Dyson unveiled its best-performing and most efficient Airwrap yet – the Dyson AirwrapTM multi-styler today for the Indian market. Relentlessly dissatisfied, Dyson engineers challenged their own design to miniaturise and multiply the Coanda effect, pioneering a fully customisable styling tool to deliver a range of styles for all Indian hair types, without extreme heat.
The next-generation styling barrels featuring a rotating cool tip, make achieving curls and waves faster and easier – with no heat damage, to help maintain hair strength. Blending the results formerly achieved with two barrels into one attachment, now users can style the full head, creating clockwise and anti-clockwise curls and waves, without the need to switch attachment mid-style. Re-engineered brush attachments deliver precision shaping with enhanced Coanda performance, alongside an all-new dual-purpose Coanda smoothing dryer. Combining two attachments in one, the Coanda smoothing dryer hides flyaways in a single pass, with no extreme heat and transforms into a powerful dryer with the flick of a switch.
James Dyson said: “Most styling tools ignore that hair types are very different – what attachment may work for one, could be detrimental to another. The advancements in the Dyson AirwrapTM multi-styler build on the success of its predecessor, through relentless research, user trials and advancements in computational fluid dynamics. The result: direction change barrels for faster and easier curling, re-engineered brush attachments for more precise shaping, and an entirely new, dual-purpose Coanda smoothing dryer. Our ability to control airflow delivers enhanced Coanda performance to curl, shape and hide flyaways – without extreme heat.”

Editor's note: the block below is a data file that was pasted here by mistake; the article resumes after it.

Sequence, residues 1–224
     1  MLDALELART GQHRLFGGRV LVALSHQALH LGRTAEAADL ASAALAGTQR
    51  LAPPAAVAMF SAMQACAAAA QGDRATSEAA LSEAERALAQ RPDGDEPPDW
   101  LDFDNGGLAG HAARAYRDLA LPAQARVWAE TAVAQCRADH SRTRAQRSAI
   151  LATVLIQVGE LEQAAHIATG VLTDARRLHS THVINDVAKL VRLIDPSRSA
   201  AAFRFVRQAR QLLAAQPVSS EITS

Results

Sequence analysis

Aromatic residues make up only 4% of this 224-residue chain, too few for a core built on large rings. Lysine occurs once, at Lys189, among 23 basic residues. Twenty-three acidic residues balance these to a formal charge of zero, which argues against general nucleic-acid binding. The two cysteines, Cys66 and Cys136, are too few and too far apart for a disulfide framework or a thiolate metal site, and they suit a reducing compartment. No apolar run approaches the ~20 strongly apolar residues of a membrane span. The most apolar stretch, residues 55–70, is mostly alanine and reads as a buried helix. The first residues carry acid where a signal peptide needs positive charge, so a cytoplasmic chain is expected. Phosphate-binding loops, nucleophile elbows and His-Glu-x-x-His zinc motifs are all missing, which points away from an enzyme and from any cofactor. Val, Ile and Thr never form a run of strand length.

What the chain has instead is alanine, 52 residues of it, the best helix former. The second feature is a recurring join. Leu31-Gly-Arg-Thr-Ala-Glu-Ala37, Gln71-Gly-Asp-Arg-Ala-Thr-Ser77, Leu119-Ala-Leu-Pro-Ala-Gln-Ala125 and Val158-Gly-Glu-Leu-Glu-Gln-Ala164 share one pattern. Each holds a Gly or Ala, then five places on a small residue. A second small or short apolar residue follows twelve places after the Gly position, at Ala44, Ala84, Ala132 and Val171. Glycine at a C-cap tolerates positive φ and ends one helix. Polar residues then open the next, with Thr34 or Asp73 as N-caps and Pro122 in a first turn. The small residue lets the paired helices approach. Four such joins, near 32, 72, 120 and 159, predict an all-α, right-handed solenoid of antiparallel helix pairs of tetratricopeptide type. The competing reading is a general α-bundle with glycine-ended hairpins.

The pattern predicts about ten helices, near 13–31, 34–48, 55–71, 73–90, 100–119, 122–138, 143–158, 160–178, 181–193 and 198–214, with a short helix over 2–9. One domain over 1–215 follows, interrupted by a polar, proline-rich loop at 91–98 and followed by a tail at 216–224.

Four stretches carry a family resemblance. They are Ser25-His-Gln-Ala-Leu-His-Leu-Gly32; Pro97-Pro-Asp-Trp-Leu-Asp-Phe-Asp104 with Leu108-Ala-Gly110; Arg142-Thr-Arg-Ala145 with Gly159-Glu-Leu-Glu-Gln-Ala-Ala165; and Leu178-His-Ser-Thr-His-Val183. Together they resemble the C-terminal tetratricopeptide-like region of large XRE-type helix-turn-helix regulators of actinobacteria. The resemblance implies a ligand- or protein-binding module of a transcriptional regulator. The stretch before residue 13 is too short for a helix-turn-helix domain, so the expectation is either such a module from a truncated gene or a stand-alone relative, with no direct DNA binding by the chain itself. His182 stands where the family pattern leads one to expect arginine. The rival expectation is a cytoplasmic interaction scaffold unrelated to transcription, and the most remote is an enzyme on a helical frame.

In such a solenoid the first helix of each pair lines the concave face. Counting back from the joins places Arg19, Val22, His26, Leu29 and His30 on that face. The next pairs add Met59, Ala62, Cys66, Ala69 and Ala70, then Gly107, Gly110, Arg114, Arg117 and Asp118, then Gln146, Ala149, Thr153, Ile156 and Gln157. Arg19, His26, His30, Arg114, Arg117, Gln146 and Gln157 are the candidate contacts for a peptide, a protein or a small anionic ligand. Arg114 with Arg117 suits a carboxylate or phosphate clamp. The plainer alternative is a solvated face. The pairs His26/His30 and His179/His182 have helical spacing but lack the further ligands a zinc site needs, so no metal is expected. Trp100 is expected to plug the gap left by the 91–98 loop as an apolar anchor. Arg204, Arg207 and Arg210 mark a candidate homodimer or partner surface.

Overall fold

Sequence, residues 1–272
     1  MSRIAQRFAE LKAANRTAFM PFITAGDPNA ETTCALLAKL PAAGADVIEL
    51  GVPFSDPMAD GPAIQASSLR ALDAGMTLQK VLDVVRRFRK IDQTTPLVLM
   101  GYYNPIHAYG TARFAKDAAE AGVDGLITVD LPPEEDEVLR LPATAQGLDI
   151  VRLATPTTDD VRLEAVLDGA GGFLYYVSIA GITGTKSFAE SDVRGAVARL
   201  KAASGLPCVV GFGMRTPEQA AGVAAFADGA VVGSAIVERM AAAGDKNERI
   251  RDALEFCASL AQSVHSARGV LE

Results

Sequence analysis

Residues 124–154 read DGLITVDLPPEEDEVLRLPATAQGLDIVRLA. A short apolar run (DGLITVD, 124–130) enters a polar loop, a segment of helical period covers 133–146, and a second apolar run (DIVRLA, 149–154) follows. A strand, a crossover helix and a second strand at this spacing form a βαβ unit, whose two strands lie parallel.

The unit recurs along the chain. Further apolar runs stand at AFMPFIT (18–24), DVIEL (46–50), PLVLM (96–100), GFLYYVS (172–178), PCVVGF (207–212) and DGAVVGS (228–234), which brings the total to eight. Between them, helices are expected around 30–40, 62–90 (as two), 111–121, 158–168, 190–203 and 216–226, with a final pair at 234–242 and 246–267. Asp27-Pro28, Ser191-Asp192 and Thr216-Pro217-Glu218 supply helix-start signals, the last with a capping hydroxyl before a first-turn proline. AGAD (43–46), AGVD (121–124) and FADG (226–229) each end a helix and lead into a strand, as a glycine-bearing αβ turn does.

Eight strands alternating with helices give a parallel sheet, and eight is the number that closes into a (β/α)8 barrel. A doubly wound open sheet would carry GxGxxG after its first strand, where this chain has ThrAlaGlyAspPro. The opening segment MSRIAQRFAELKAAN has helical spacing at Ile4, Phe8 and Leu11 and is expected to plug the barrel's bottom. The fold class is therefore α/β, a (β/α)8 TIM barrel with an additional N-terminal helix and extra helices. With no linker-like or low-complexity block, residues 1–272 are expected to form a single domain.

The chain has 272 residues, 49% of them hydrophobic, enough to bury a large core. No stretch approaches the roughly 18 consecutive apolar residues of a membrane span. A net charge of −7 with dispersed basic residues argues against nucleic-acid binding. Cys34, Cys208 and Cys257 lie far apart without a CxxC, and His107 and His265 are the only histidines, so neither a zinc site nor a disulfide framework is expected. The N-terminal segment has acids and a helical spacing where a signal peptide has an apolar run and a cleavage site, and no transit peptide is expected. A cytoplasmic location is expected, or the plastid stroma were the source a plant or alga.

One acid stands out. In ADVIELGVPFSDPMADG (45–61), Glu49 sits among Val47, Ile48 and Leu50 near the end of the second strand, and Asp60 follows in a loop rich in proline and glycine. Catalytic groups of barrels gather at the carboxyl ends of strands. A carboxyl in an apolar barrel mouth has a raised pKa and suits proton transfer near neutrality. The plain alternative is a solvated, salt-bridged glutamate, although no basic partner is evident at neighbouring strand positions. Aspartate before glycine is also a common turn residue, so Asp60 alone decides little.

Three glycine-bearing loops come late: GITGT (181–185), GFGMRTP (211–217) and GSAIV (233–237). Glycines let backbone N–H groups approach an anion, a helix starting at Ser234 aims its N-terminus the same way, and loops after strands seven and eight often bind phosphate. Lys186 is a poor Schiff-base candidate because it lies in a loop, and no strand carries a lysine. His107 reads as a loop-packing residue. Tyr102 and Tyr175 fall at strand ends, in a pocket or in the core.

For the first time, the existing Dyson AirwrapTM styler owners can upgrade to these latest attachments, whilst retaining the original machine. This builds on the sustainable mindset adopted throughout the machine’s development – designing in a digital world reduces the reliance on physical prototyping, as a result drastically reducing the energy and materials used.
Through this iterative process of trial and error, engineers have been able to miniaturise air vents to achieve a level of airflow velocity, pressure and control never seen before.